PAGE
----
Fedblog FedblogFedblog
Government Executive Editor in Chief Tom Shoop, along with other editors and staff correspondents, look at the federal bureaucracy from the outside in.

KSA Quandaries


Our readers apparently have pretty different views of whether Knowledge, Skills, and Abilities statements are useful. KC says they can be faked:

C'ommon people! How could you know that the applicant even wrote the KSA? There's no guarantee. I was in a panel and read someone's writing scoring the max points. Was in the interview and let me tell ya: no way that woman talking wrote the KSAs I scored for that position. I didn't recommend this woman but a guy; my boss hired her. Six months later, my boss was able to "transfer" her out because she discovered she was not who she portrayed to be, and hired the guy I recommended originally. We found out later (with another writing piece) that her husband wrote things for her as she admitted. I said to my boss: "Told ya! I knew this woman didn't speak they way her KSAs were written..." I rest my case. I applaud that the stupid KSAs are finally gone; sometimes they asked the same thing using different words. Time-wasters! If management is interested in seeing someone's writing, they should ask the last 2-3 candidates interviewed to submit KSAs as a deciding factor. There, that's a simple solution.

But Fed HR Employee says it's unclear how resumes differentiate candidates enough to narrow down the pool to candidates who should be asked to write KSAs:

This is reactive medicine. Who is going to screen 1,000 or more applicants for a single position to determine who should fill out the KSA's??? AND BASED ON WHAT? How will managers be able to determine from a generic resume, who is best qualified to interview. I like the elimination of the rule of 3 (and I cannot think of a SINGLE hiring official that would support continuing the rule of 3 despite what the article says). I am VERY concerned that someone is out of touch with reality when I see that type of statement!!! You think "cronyism" was happening before? Now wait until you aren't even asked to submit a KSA in round 2. Based on what? No substantial documentation to support or defend anything.

I do wonder if having folks write KSAs later in the process might help prevent fraud, if only because then interviewers will have a better sense of a candidates' style.

Close [ x ] More from GovExec

Thank you for subscribing to newsletters from GovExec.com.
We think these reports might interest you:

  • Sponsored by G Suite

    Cross-Agency Teamwork, Anytime and Anywhere

    Dan McCrae, director of IT service delivery division, National Oceanic and Atmospheric Administration (NOAA)

  • Data-Centric Security vs. Database-Level Security

    Database-level encryption had its origins in the 1990s and early 2000s in response to very basic risks which largely revolved around the theft of servers, backup tapes and other physical-layer assets. As noted in Verizon’s 2014, Data Breach Investigations Report (DBIR)1, threats today are far more advanced and dangerous.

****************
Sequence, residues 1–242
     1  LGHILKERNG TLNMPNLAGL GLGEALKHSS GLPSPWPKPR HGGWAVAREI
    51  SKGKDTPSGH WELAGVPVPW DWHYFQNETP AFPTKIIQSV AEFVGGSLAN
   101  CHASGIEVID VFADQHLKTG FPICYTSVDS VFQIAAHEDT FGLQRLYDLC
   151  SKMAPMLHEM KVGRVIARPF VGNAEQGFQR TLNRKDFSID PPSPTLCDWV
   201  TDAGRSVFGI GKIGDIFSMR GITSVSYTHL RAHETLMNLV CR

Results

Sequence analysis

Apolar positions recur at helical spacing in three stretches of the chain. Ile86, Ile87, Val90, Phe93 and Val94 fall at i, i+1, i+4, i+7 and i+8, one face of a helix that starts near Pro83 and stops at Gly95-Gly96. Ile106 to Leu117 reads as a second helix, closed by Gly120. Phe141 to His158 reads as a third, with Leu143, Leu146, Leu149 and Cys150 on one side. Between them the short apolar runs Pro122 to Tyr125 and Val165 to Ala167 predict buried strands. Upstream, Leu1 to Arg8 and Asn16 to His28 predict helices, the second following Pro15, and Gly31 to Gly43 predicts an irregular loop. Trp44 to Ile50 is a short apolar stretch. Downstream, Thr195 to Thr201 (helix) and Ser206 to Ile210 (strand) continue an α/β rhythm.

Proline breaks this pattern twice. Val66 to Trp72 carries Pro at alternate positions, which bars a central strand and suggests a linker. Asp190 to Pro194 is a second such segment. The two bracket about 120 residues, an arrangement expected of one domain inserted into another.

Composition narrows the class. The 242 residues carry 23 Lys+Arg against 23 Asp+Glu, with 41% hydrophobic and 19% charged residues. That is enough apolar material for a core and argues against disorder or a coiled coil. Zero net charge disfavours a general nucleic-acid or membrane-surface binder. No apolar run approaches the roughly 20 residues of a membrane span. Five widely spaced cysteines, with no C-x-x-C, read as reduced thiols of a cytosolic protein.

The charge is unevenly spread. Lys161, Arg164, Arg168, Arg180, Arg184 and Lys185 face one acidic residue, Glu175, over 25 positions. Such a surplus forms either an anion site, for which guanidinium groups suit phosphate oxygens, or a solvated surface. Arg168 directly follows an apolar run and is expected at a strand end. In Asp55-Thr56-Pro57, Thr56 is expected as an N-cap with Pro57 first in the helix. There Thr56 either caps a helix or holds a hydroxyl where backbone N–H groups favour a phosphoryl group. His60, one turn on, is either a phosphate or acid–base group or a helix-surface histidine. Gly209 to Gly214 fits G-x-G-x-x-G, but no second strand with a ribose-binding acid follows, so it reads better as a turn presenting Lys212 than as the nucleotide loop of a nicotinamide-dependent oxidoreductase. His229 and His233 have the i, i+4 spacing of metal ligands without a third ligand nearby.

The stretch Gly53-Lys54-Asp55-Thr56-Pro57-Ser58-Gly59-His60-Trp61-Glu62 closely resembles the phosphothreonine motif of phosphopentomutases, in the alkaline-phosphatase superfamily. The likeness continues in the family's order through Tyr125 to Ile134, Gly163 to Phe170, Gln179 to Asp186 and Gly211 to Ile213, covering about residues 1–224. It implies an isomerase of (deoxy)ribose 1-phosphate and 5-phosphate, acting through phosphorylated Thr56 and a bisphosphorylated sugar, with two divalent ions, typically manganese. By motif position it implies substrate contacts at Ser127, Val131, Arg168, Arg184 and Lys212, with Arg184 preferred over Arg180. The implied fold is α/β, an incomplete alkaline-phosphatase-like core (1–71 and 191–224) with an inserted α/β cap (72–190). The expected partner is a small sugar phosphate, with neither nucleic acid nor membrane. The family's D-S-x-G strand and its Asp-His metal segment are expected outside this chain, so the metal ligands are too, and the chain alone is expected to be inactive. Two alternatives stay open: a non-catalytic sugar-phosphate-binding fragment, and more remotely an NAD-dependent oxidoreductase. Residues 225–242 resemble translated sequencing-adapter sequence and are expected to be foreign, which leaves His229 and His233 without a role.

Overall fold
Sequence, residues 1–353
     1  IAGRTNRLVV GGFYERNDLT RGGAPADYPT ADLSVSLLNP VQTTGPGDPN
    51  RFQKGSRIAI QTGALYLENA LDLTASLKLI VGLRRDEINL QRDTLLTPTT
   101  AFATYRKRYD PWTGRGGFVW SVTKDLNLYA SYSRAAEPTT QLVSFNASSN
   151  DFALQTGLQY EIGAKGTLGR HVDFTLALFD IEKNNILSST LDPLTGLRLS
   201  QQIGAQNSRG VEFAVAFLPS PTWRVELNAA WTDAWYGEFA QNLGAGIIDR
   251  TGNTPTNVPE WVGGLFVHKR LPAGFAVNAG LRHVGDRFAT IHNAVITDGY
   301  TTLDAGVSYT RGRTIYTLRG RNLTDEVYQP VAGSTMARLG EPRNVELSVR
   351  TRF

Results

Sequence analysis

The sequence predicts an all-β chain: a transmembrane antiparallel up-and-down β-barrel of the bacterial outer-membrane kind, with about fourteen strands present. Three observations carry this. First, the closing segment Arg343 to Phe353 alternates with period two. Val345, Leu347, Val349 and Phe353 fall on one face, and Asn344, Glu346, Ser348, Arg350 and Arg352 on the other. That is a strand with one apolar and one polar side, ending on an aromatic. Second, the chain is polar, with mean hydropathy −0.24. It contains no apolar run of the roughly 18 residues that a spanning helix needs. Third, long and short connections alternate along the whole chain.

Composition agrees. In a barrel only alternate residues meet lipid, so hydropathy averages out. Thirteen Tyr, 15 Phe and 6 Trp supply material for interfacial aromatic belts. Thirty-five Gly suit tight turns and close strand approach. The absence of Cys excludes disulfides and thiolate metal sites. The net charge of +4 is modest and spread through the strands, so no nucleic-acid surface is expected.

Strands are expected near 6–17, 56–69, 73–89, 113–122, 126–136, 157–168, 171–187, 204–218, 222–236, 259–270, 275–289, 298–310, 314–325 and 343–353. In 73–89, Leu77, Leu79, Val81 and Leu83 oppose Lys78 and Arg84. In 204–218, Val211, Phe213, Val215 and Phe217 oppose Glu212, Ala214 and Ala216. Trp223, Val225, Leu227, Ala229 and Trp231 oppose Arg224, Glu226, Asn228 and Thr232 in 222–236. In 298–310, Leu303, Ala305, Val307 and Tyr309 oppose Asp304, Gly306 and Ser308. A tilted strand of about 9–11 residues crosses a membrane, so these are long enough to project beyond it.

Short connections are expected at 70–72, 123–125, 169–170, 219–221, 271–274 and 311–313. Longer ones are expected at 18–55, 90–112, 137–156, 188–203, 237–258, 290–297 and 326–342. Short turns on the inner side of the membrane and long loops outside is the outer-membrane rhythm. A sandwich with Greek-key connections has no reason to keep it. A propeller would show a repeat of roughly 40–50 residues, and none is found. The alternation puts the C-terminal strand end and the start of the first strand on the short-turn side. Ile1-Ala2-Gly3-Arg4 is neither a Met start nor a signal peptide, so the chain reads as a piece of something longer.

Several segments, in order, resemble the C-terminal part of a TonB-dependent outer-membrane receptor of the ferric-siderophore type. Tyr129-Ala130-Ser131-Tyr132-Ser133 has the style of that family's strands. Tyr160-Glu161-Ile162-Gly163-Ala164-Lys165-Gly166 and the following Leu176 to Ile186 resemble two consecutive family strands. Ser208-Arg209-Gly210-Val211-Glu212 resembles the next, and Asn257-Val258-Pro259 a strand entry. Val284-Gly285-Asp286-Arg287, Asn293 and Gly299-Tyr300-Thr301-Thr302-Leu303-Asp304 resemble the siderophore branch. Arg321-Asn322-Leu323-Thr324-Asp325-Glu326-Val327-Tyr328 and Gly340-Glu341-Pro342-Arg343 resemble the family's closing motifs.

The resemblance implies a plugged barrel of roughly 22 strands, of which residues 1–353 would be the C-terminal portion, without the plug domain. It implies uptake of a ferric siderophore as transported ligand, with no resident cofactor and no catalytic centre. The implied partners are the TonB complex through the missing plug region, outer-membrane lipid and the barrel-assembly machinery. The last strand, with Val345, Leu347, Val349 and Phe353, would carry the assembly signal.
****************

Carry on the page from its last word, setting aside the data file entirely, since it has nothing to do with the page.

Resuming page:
• Sponsored by One Identity

    One Nation Under Guard: Securing User Identities Across State and Local Government

    In 2016, the government can expect even more sophisticated threats on the horizon, making it all the more imperative that agencies enforce proper identity and access management (IAM) practices. In order to better measure the current state of IAM at the state and local level, Government Business Council (GBC) conducted an in-depth research study of state and local employees.

  • Sponsored by Aquilent

    The Next Federal Evolution of Cloud

    This GBC report explains the evolution of cloud computing in federal government, and provides an outlook for the future of the cloud in government IT.

  • Sponsored by LTC Partners, administrators of the Federal Long Term Care Insurance Program

    Approaching the Brink of Federal Retirement

    Approximately 10,000 baby boomers are reaching retirement age per day, and a growing number of federal employees are preparing themselves for the next chapter of their lives. Learn how to tackle the challenges that today's workforce faces in laying the groundwork for a smooth and secure retirement.

  • Sponsored by Hewlett Packard Enterprise

    Cyber Defense 101: Arming the Next Generation of Government Employees

    Read this issue brief to learn about the sector's most potent challenges in the new cyber landscape and how government organizations are building a robust, threat-aware infrastructure

  • Sponsored by Aquilent

    GBC Issue Brief: Cultivating Digital Services in the Federal Landscape

    Read this GBC issue brief to learn more about the current state of digital services in the government, and how key players are pushing enhancements towards a user-centric approach.


When you download a report, your information may be shared with the underwriters of that document.